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The Relevance of Sigma Nu, Bound by Honor

By Justin Wenger (William Jewell)

We live in a world lacking in effective, ethical leadership. A world where the word honor is paid lip service, but the virtue has become an enigma. It’s a provocative statement, to be sure, and I’m not saying there are no ethical leaders or that honor no longer exists. Turn on the news each night for a week, though, and I think you’ll find that true, genuine, ethical leadership and honor are missing virtues of modern American society.

James Frank Hopkins, Greenfield Quarles, and James McIlvaine Riley established the Legion of Honor in a time when a man’s character and honor mattered more than any material possessions or wealth he might attain. I would suggest to you that as the generations have passed, society has chipped away at the importance of a man’s honor. Excuses and finger-pointing have replaced responsibility and accountability. Adolescent bickering and manipulation have replaced statesmanship and worthy compromise. It is enough to discourage the most hopeful of men, and, despite it all, we can be hopeful for the future. We can be hopeful because of what our Fraternity is doing for our society.

As an organization founded with honor as a guiding principle, the impact our Fraternity aspires to have on society is made clear in the first two levels of Sigma Nu’s strategic plan – the Mission and Vision and the Envisioned Futures.

Ethical. Character. Honor. Principles. Community. The greater good. These are just some of the words and phrases that stand out in our strategic plan, and you don’t have to look too deep to see how the Fraternity turns these words into action.

  1. Development of ethical thinking and leadership skills through the LEAD Program.
  2. Chapter leaders taking on the trust and responsibility to implement internal procedures for accountability.
  3. Building character and consideration of others through community outreach, service, and philanthropy.
  4. New leaders learning how to envision a future and setting a plan to attain it at the College of Chapters.
  5. Learning from the examples set by alumni, our collegiate brothers seek out and accept the responsibility of leadership roles across their respective campuses.
  6. Being open-minded and understanding that learning never stops.
  7. Publicly acknowledging our affiliation and accepting the awesome responsibility of exemplifying our central values of Love, Honor, and Truth daily.

 

And when our collegiate brothers leave their student experience, they take these lessons, skills, and ideals into the world. They begin making an impact, in their own way, that reinforces the importance of honor. Of course, challenges arise, and, unfortunately, arguments and attacks about the relevance of Greek-letter organizations come from all directions. Such is the reality facing fraternity men. There is evidence, though, of the value to be gleaned from membership in Greek-letter organizations.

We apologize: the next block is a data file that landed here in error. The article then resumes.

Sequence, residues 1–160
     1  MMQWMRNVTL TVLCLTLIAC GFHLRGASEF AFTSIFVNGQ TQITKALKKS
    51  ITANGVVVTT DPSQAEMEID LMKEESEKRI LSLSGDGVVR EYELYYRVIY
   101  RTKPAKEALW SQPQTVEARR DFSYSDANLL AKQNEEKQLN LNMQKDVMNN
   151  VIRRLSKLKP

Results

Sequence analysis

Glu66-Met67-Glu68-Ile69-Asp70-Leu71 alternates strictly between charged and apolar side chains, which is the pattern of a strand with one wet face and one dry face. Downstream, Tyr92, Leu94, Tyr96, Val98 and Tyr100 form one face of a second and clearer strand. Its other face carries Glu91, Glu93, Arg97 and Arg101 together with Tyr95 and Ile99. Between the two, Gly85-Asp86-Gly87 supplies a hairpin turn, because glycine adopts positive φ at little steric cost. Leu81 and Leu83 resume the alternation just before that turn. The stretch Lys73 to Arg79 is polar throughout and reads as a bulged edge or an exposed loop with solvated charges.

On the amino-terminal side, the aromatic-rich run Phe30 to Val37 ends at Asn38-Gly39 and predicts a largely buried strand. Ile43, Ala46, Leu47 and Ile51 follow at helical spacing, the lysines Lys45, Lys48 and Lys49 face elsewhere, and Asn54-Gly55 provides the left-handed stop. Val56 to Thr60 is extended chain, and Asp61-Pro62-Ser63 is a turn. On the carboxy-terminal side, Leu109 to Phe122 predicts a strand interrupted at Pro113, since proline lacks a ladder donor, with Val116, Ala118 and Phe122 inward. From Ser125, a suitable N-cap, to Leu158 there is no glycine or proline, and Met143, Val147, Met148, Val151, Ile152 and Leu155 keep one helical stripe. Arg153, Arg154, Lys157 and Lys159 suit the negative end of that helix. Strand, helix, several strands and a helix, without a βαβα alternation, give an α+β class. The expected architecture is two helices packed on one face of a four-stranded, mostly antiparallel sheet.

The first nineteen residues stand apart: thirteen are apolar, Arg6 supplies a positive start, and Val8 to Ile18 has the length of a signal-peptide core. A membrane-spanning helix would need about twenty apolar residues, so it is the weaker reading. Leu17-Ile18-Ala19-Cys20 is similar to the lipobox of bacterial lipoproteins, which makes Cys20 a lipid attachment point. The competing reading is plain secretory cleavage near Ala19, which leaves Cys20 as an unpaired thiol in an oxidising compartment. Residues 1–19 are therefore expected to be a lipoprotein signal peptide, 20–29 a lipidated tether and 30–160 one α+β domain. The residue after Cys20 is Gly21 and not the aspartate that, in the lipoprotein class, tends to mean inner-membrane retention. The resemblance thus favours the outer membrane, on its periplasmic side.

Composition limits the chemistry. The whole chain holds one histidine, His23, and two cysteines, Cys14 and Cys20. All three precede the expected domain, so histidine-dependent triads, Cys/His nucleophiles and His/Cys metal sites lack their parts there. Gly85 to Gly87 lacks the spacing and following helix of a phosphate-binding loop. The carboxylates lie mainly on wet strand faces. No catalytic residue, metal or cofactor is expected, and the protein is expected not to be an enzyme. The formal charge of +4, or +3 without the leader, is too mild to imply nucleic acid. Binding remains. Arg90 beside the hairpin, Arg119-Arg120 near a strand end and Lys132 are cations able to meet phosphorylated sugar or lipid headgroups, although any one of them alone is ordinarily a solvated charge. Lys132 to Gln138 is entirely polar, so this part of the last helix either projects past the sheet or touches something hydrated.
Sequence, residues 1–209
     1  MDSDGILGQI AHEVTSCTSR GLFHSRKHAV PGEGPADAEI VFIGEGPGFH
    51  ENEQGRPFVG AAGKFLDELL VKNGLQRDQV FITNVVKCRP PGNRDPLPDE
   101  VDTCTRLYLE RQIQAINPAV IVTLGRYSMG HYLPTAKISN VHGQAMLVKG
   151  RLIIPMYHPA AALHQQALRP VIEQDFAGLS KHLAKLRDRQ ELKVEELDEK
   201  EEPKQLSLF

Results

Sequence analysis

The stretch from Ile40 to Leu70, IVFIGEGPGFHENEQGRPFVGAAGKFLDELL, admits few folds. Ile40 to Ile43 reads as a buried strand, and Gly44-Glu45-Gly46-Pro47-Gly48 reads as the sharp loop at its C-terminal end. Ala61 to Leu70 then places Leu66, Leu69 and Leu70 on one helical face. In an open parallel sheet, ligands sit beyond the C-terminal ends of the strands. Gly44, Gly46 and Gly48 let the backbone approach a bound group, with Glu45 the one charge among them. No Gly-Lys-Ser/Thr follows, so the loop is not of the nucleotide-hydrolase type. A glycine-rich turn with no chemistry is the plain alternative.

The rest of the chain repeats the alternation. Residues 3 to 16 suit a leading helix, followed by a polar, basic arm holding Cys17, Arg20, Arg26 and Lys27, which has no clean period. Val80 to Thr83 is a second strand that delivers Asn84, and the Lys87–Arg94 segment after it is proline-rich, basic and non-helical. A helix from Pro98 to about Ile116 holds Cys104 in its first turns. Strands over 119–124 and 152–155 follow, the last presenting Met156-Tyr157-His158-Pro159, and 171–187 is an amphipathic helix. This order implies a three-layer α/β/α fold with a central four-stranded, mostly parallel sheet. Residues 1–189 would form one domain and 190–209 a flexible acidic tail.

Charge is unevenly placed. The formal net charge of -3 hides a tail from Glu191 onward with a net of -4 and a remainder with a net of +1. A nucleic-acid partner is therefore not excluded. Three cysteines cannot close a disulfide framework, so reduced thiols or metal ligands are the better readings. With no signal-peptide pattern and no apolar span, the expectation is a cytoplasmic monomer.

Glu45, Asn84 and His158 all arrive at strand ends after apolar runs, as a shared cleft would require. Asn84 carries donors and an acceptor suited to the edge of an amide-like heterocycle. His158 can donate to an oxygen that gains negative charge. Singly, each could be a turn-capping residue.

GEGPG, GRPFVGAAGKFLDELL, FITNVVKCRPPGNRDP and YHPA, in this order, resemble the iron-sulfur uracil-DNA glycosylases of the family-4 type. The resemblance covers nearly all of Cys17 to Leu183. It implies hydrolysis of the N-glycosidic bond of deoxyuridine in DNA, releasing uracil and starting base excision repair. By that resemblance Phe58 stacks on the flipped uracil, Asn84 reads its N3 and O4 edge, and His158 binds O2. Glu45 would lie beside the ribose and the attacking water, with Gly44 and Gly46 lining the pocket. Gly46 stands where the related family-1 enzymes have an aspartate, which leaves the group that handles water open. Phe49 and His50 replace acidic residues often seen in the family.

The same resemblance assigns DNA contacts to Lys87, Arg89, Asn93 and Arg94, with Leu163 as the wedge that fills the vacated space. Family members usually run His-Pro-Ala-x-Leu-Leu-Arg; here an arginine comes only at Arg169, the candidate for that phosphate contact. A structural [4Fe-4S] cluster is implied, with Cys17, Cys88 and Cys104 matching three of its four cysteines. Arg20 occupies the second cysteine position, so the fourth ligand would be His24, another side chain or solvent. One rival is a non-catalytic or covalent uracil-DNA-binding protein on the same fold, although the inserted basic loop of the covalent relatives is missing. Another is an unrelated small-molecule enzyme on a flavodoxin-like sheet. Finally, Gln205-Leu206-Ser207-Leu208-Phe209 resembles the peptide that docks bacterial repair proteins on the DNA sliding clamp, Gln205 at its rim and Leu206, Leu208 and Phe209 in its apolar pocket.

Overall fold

Research shows that fraternity/sorority membership has a generally positive impact on the development of Greek members. Results of research compiled by the North American Interfraternity Conference indicate that:

  1. Nearly half of fraternity members serve in other campus leadership roles.
  2. Fraternity members spend significantly more time volunteering, mentoring, and doing other types of service work, and they like they belong in their communities.
  3. Despite being less diverse than students in general, fraternity members reported higher levels of interaction with people different from themselves than did other students.
  4. Fraternity members are more likely to be thriving in every aspect of wellbeing – career, community, financial, physical, and social wellbeing.
  5. 83% of members indicate stronger leadership confidence due to their fraternity membership.

 

A December 2012 article (updated in September 2021), entitled “How and Why to Revive Manly Honor in the Twenty-First Century,” from The Art of Manliness, offers a perspective of how the concept of honor has changed in our modern society.

“As society has become more complex and anonymous, and the bonds of honor have dissolved, we’ve had to rely more and more on obedience – rules and regulations – to govern people’s behavior. Because we no longer trust people to do things because they swore an oath to do so, and because concern for their honorable reputation compels them, we’ve created ever more elaborate rules and regulations to enforce ethics. Instead of feeling safe in the knowledge that a man has internalized an honor code to the extent that he may be trusted to do the right thing, even when no one is watching, now he must be constantly checked up on and videotaped.”

Hopkins, Quarles, and Riley never wrote down the honor code of Sigma Nu because they believed that the virtue of honor did not require a definition to be an expectation. As brothers, though, we have given our oaths to live by that code. As a brotherhood, our daily aspiration is to “Excel with Honor,” and the preamble of our creed defines what it means to “walk in the way of honor.”

“To be steadfast in the performance of every trust, and, spurning the gaudy gifts of greed and power, to be content to live by our knightly vow that our honor is dearer to us than our lives.”

Yes, we live in a world where honor has become an enigma. What could make Sigma Nu more relevant, more needed, than that?

© 2015-2021 Sigma Nu Fraternity, Inc.
9 North Lewis Street, P.O. Box 1869, Lexington, Virginia 24450
Phone: (540) 463-1869 | Fax: (540) 463-1669 | Email: headquarters@sigmanu.org

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